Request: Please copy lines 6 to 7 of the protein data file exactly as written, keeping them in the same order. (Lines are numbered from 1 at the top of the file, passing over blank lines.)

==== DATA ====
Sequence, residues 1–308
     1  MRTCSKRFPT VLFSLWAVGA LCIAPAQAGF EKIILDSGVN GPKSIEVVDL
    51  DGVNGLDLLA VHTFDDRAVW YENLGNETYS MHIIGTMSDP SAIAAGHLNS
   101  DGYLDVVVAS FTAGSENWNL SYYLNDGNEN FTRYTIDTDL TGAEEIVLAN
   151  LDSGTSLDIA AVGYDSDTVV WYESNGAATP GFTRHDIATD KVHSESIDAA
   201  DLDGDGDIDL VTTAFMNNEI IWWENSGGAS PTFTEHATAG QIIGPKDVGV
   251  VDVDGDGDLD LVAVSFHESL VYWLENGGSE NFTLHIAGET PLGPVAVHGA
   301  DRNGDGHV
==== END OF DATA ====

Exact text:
   201  DLDGDGDIDL VTTAFMNNEI IWWENSGGAS PTFTEHATAG QIIGPKDVGV
   251  VDVDGDGDLD LVAVSFHESL VYWLENGGSE NFTLHIAGET PLGPVAVHGA